Caps, Scarves, Hoods and Hair nets
|Caps, Scarves, Hoods and Hair nets|
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Caps with hair showing [V]
A small cloth cap like those from York, Lincoln and Dublin
- York, England. 3 caps, all of silk.
- Lincoln, England. 1 cap of silk.
- Dublin, Ireland. 16 caps, 4 of silk and 12 of wool. 4 of these finds are only possibly from caps. [WINCOTT HECKETT 2003]
- Dokkum, Netherlands. [BRANDENBURGH 2009]:p.69-70 c.568-651AD?
- Birka, Sweden. 1 cap of silk, Grave 946. Secured with a silver tablet woven band.
This style of head covering is frequently depicted in books and worn by re-enactors. To the best of our knowledge there is currently no real evidence for women wearing this style of head covering. Algren in his 1966 book 'The Viking' depicted almost all of his Viking women wearing this type of scarf. Algrem invented this head covering because he believed that "In those days a married woman had to cover her hair." [ALGREN 1966:p.201]. In the absence of any real evidence for head coverings he seems to derived this simple although probably inaccurate article and it has in turn been copied ever since.
Dublin scarf with hair showing
A number of small tasseled woven scarves of wool and silk were found in Viking Age Dublin. The head coverings from Dublin date from the early 10th century to the mid 12th century
- Ireland, Dublin
- 10 woollen scarves [WINCOTT HECKETT 2003]:p.4 Where some complete dimensions could still be established (5 scarves) the width ranged from 15cm to 24cm, averiging a width of 20.2cm. None of the woolen scarves were complete enough to establish an origianal length, but the longest fragment was 52cm long. [WINCOTT HECKETT 2003]:p.113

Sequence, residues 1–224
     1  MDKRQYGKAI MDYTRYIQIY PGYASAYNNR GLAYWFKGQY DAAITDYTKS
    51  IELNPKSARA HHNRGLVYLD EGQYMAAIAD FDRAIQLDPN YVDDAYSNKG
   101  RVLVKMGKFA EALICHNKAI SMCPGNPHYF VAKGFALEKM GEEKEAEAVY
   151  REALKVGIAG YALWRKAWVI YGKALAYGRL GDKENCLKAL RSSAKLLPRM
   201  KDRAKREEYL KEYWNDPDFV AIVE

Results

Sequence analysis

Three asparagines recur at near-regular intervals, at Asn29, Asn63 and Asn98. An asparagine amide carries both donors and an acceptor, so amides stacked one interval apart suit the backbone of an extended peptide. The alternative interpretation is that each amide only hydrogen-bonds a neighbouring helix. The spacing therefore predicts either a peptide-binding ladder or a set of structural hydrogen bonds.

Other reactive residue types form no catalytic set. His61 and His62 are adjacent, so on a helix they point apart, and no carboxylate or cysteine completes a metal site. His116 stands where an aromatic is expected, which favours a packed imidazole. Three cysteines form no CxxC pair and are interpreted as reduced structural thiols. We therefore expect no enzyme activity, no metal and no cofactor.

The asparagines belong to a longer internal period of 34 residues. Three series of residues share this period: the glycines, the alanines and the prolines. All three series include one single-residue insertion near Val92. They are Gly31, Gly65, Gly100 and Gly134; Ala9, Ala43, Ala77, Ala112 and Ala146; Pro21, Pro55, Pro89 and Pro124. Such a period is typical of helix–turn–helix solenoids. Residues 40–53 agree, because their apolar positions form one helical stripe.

- 6 silk scarves [WINCOTT HECKETT 2003]:p.4 Where the complete original widths of the silk scarves could be established (6 scarves) the width ranged from 15cm to 23cm, averiging 20cm. The original length could be established for 3 of the silk scarves and were 61cm, 59.5cm and 70cm long, averiging 63.5cm. [WINCOTT HECKETT 2003]:p.113 Dye was found on three of the silk scarves, two were dyed with madder (red), one with woad (blue). [WINCOTT HECKETT 2003]:p.4, 128
Wincott Heckett has put forward a number of possible ways that these scarves may have been worn [WINCOTT HECKETT 2003]:p.5 The average size, assuming the silk and wool scarves were the same size which the established widths suggest, the scarves were about 20cm wide and 63cm long (including the tassels), but with some variations in both directions from these measurements. A human hair was found in DHC16, a woollen scarf, suggesting these were head coverings.[WINCOTT HECKETT 2003]:p.134
Sprang hair net (V)
- York - interpreted as leggings?
- Birka (HAGG 1986, p.51)
Sprang hair nets have been recovered from Danish bog finds 800-500BC. A later interpreted find from Vindonissa, Switzerland is dated to 100AD. A possible sprang loom was found in the Oseberg burial. Although this was probably a tapestry loom [INGSTAD 1992]. A few fragments of possible sprang have been found in Birka [HAGG 1986]:p.51 Other sprang finds include leggings from Tegle, Norway, C6th and some fragments from York that have also been interpreted as leggings. http://de.wikipedia.org/wiki/Sprang